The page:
The Steve Huber Vintage Flathead Tone Ring

I have started phase 1 of the tests on the Steve Huber Vintage Flathead tone ring. I will admit that I did not look forward to testing this tone ring, simply because I have tested so many tone rings, and I am beginning to tire of it. I'm glad I tried it out. I have mounted this tone ring on a maple rim, using a standard Gibson mount and Gibson hardware. The neck is a maple/rosewood flying eagle neck and the resonator is maple veneer. Tailpiece is a Price tailpiece, and my standard hardware was used as in all of my normal testing.

This is a loud, clear, clean, sweet tone ring. The response is good all the way through its range. There is also plenty of contrast between picking near the bridge and picking near the fretboard. There is plenty of sustain if you need it, but it doesn't have the strident ringy quality on the 5th string that some tone rings produce. This is one of the best tone rings I have tried. It was a little louder than the control banjo, which is a loud instrument.

When I conducted the resonant frequency test, I noticed that the fundamental really stood out. On most tone rings the next two harmonics are so loud that it is difficult to hear the fundamental. This certainly contributes to its overall sound.

I really like this tone ring. If you can afford to pay $340 plus postage and handling for a tone ring, you should consider this one.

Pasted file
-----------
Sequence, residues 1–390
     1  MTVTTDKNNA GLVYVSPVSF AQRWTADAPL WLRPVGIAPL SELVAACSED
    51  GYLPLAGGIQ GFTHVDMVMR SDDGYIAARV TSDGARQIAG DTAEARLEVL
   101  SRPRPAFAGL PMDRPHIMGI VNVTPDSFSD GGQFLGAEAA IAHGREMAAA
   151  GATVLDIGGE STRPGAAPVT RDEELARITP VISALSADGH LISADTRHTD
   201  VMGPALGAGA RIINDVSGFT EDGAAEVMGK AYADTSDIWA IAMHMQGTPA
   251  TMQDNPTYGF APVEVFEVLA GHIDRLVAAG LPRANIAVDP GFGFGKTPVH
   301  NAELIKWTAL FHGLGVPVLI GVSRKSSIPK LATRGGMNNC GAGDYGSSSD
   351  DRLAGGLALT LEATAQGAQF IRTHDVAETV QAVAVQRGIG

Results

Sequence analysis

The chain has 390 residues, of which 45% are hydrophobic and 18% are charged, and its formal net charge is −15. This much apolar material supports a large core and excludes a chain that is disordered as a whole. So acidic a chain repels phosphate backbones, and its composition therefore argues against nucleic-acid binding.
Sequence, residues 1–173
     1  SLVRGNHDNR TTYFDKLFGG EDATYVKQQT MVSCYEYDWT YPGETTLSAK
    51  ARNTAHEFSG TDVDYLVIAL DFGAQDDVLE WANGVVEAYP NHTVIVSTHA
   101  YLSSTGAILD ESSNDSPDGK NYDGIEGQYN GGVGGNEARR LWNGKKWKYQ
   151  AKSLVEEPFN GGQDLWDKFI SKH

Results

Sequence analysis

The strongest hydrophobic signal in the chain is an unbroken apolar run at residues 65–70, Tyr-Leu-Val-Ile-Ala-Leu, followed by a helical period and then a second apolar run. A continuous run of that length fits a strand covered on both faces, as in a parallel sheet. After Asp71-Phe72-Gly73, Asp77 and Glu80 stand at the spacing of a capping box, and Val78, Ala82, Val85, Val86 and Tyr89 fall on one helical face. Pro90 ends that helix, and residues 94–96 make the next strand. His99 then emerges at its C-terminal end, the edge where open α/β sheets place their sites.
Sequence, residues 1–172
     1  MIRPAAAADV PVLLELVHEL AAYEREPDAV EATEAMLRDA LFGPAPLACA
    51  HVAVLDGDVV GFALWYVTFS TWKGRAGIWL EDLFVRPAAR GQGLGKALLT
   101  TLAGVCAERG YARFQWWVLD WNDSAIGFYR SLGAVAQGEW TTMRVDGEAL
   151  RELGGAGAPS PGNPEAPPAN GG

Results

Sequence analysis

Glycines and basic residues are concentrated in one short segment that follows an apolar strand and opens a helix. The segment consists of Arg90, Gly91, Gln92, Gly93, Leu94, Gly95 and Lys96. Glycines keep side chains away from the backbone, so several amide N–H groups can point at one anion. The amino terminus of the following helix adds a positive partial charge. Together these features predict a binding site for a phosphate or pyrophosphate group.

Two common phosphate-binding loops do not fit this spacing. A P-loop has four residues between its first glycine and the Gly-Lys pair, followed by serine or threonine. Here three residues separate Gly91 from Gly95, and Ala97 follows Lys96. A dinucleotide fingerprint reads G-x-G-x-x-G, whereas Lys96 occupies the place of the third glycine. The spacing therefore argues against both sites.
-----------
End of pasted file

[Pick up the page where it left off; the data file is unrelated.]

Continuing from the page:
It is no coincidence that many of the top banjo players in the business are now using this tone ring. Even Sonny Osborne, who was absolutely convinced that there would never be a tone ring like the old pre-war tone rings, has fallen in love with this one--it is the heart of the new banjos he is producing in cooperation with Frank Neat. You can contact Steve Huber at Huber Banjos.

Huber Meets the Tone Bell (TM) Rim

On June 2, 1998, I tried the Huber Vintage Flathead tone ring on a Tone Bell (TM) rim. The sound is exceptional. The differences in tone available from this mount and this tone ring open up a wealth of possibilities for the banjo player who wants a powerful banjo with a flexible tone and more sustain than normal. It will require a certain amount of restraint to play, if you are not accustomed to a banjo that sustains well. Be that as it may, this tone ring is fine in a standard mount and should not require a Tone Bell (TM) installation, unless you just happen to want to try it.

Gold Plated Huber Ring Tested

On July 17, 1998, I tried out the triple gold plated Huber Vintage Flathead tone ring. I sent my original ring to him and he replated it. This is an excellent sounding ring. I had not realized until earlier this year what a difference gold plating makes on a tone ring. I had always figured it to be a cosmetic difference, but there is a certain indescribable difference--the operative word here is "mellow." It did change the resonant frequencies of the tone ring slightly. If you can afford this tone ring, get the gold plated one--even if your banjo was not equipped with a gold plated ring in the first place. It does make a difference!

For those of you with Scruggs model banjos, something to bear in mind is that Earl's banjo has a gold-plated tone ring. This is not found on the standard Scruggs models. This plating can be clearly seen in the picture on page 115 of Gibson Guitars, 100 Years of an American Icon by Walter Carter.

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©2006 Bill Palmer. All rights reserved. For permission to republish contact Bill Palmer. The opinions expressed on this page are strictly Bill Palmer's. Mastertone, Stelling and the other brand and model names are the property of the manufacturers and other people who own them.